So it involved a lot of categorizing, key word searching, making sure that we knew who the influentials were on some of those key brand topics and priorities, engaging our customer satisfaction function here in the United States. We actually have a dedicated team that’s responsible for customer satisfaction and helping to resolve issues at the restaurant level either through email and now through social media via twitter. So involving them and then from there also making sure that as I mentioned we have a dedicated team, i.e., two to three individuals at our PR agency that have been listening and monitoring and capturing all the conversations that are taking place. And even by narrowing the key word search, we were still capturing about 70 to 90,000 conversations a month.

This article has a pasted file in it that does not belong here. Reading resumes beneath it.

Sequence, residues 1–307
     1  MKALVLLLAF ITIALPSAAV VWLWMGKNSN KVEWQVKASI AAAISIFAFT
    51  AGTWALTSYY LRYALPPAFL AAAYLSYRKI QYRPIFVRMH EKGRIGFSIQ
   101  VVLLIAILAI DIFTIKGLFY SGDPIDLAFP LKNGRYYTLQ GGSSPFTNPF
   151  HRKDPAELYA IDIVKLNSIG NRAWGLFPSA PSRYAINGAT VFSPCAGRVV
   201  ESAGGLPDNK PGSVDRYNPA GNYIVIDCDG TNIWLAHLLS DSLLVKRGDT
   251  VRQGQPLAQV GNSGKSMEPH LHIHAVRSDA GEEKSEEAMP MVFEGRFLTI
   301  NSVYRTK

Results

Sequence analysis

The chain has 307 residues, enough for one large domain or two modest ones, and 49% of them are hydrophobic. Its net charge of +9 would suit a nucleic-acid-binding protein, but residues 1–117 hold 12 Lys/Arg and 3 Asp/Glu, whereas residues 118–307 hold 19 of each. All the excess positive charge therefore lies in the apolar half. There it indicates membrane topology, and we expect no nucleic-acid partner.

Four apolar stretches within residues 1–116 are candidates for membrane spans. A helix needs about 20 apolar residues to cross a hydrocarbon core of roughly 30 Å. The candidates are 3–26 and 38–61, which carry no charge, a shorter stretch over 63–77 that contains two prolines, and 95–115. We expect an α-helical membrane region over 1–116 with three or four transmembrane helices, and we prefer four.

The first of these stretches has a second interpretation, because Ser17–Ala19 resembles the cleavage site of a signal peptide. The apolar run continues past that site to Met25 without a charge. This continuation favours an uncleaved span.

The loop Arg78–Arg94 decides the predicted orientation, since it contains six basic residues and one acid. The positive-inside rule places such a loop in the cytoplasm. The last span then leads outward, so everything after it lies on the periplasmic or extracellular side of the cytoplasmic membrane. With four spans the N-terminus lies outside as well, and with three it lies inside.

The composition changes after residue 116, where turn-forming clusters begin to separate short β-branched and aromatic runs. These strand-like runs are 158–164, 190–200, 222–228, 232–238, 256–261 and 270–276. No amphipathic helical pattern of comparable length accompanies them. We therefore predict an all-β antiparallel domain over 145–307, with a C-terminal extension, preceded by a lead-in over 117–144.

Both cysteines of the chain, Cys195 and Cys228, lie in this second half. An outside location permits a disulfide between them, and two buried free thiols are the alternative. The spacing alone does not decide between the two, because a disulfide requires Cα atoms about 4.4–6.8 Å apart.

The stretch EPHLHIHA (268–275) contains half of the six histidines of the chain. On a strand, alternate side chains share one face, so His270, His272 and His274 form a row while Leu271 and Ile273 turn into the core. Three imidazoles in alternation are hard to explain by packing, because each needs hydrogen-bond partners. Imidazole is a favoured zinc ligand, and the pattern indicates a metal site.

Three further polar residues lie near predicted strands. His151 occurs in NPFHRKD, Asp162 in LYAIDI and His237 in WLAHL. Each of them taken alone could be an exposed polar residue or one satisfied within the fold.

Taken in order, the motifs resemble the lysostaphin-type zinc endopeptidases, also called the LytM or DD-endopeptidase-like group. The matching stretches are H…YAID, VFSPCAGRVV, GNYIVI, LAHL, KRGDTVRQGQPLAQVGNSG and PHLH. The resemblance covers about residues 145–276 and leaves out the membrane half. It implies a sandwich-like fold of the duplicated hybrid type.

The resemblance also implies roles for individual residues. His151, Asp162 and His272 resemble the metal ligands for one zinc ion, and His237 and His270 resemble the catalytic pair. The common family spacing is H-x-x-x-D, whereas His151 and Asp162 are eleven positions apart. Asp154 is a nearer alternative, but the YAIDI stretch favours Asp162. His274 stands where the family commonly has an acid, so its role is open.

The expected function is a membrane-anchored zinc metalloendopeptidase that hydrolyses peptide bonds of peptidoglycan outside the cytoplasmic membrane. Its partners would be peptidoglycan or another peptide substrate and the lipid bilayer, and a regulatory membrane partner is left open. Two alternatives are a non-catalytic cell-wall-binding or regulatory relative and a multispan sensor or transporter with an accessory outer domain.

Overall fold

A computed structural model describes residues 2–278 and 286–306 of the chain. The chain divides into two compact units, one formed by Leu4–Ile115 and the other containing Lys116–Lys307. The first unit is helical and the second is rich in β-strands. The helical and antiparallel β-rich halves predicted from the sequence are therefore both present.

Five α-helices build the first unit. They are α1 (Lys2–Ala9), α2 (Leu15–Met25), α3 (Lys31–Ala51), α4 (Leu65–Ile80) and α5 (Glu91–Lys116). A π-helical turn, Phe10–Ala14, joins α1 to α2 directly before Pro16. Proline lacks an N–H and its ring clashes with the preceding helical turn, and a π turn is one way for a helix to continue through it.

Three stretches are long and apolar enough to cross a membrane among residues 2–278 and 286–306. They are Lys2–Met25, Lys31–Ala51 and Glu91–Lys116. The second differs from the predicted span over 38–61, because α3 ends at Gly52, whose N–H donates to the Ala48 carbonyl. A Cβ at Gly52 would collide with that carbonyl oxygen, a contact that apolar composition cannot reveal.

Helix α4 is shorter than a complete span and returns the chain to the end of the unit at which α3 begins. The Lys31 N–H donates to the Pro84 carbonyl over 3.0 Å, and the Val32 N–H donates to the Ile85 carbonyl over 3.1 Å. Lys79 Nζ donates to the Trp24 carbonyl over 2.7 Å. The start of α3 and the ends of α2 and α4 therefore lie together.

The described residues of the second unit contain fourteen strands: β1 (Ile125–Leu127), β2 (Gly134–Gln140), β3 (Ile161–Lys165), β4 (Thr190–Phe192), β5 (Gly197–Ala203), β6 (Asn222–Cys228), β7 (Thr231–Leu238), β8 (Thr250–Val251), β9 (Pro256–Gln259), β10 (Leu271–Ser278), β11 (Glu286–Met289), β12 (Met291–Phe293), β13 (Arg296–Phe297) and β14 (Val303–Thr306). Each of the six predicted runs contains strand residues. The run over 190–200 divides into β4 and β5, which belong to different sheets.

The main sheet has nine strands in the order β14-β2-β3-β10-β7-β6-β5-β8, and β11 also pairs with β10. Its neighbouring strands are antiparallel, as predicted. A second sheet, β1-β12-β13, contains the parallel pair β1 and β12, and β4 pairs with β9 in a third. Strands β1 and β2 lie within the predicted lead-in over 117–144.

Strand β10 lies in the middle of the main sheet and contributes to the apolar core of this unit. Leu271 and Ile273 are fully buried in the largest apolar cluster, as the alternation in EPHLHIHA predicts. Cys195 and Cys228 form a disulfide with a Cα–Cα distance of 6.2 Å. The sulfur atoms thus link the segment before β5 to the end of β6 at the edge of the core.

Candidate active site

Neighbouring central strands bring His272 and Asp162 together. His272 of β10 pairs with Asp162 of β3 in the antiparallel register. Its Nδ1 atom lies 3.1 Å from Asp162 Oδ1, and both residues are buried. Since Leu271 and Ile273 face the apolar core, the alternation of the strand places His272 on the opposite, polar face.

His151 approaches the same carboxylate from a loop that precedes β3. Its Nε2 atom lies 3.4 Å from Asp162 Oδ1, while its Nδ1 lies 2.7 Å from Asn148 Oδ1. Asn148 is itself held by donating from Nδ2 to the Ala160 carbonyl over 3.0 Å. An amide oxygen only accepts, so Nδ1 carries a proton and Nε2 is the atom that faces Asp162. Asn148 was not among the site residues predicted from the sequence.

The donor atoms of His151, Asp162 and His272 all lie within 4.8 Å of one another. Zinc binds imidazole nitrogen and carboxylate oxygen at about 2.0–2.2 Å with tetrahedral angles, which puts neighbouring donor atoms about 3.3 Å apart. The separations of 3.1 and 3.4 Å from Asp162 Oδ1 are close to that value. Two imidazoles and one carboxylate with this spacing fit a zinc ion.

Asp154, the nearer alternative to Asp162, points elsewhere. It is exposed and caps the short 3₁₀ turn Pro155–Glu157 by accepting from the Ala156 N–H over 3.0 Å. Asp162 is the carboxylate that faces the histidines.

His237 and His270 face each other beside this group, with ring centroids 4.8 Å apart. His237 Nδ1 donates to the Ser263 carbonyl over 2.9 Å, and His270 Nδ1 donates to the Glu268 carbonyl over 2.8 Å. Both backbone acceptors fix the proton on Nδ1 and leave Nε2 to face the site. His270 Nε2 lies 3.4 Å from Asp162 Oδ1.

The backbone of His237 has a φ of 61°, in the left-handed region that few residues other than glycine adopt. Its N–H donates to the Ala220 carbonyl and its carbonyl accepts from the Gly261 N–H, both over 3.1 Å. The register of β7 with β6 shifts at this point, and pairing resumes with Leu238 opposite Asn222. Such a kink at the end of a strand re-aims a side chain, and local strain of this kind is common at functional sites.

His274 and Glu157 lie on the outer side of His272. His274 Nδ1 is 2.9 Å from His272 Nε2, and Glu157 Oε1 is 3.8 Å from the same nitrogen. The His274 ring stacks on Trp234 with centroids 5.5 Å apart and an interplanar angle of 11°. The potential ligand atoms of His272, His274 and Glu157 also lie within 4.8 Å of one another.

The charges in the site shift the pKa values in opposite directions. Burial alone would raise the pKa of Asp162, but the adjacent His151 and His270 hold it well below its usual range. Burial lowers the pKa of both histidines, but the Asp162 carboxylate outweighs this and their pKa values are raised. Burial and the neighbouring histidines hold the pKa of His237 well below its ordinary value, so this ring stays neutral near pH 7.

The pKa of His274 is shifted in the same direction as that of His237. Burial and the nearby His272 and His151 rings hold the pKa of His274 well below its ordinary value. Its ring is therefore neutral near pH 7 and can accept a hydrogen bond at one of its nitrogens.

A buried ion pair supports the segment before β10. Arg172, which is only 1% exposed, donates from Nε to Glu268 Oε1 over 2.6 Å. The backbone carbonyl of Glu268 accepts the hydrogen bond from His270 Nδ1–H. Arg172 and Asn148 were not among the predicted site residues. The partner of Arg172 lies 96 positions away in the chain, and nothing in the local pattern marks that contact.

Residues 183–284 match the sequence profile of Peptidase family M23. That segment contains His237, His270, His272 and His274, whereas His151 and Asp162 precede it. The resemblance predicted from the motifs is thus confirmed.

DK: Wow. So can you give us an example, a real life example then? I don’t know if you followed this through yet because I know you’re at the listening stage. But have you reacted to something that you’ve almost heard or listened to or read online and could you give us an example of how you then followed that through in terms of this conversation that you say in that there’s an opportunity to be had?
Heather Oldani: Yeah, there’s a couple of ways. So there’s two examples. So if I look at twitter, twitter’s very rapid fire conversation and some people go on there to rant and/or rave about brands and their experiences with the brands. So we’ve got a six person team that is leveraging co-tweet to monitor the twittersphere and determine where those brand conversations are and what’s being said. And for example, we launched a new burger to our US menu last year, the Angus burger. And some people there had gone into to try it, had a bad experience at the restaurant level. We actually determined that this person is overall a big supporter and fan of McDonalds, had just had a bad experience at the restaurant level in trying the new Angus burger product.